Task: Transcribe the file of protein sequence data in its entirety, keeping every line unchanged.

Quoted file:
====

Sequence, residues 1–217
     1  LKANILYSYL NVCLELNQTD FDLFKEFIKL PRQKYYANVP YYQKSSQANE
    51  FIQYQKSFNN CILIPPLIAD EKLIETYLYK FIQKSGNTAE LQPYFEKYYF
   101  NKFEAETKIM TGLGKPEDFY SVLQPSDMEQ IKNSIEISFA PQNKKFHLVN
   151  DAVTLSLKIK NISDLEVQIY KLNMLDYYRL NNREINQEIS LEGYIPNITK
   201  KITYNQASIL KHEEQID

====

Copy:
Sequence, residues 1–217
     1  LKANILYSYL NVCLELNQTD FDLFKEFIKL PRQKYYANVP YYQKSSQANE
    51  FIQYQKSFNN CILIPPLIAD EKLIETYLYK FIQKSGNTAE LQPYFEKYYF
   101  NKFEAETKIM TGLGKPEDFY SVLQPSDMEQ IKNSIEISFA PQNKKFHLVN
   151  DAVTLSLKIK NISDLEVQIY KLNMLDYYRL NNREINQEIS LEGYIPNITK
   201  KITYNQASIL KHEEQID